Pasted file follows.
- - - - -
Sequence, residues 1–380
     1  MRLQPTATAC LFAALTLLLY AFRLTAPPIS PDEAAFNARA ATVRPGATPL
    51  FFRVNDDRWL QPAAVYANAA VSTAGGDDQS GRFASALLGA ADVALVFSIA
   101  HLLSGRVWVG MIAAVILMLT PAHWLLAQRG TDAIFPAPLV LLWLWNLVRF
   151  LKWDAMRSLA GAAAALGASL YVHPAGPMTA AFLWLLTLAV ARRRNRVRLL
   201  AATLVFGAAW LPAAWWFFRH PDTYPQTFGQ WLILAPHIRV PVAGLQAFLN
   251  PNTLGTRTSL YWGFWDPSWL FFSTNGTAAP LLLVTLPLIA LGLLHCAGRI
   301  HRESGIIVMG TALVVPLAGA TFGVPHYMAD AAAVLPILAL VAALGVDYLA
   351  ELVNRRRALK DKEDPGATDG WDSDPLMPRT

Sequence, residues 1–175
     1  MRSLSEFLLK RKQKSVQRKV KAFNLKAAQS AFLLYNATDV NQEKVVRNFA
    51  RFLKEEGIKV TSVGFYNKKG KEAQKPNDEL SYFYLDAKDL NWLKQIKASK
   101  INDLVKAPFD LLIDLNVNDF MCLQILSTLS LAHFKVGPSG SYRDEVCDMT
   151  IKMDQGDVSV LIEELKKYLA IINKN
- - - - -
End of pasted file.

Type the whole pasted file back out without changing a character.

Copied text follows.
Sequence, residues 1–380
     1  MRLQPTATAC LFAALTLLLY AFRLTAPPIS PDEAAFNARA ATVRPGATPL
    51  FFRVNDDRWL QPAAVYANAA VSTAGGDDQS GRFASALLGA ADVALVFSIA
   101  HLLSGRVWVG MIAAVILMLT PAHWLLAQRG TDAIFPAPLV LLWLWNLVRF
   151  LKWDAMRSLA GAAAALGASL YVHPAGPMTA AFLWLLTLAV ARRRNRVRLL
   201  AATLVFGAAW LPAAWWFFRH PDTYPQTFGQ WLILAPHIRV PVAGLQAFLN
   251  PNTLGTRTSL YWGFWDPSWL FFSTNGTAAP LLLVTLPLIA LGLLHCAGRI
   301  HRESGIIVMG TALVVPLAGA TFGVPHYMAD AAAVLPILAL VAALGVDYLA
   351  ELVNRRRALK DKEDPGATDG WDSDPLMPRT

Sequence, residues 1–175
     1  MRSLSEFLLK RKQKSVQRKV KAFNLKAAQS AFLLYNATDV NQEKVVRNFA
    51  RFLKEEGIKV TSVGFYNKKG KEAQKPNDEL SYFYLDAKDL NWLKQIKASK
   101  INDLVKAPFD LLIDLNVNDF MCLQILSTLS LAHFKVGPSG SYRDEVCDMT
   151  IKMDQGDVSV LIEELKKYLA IINKN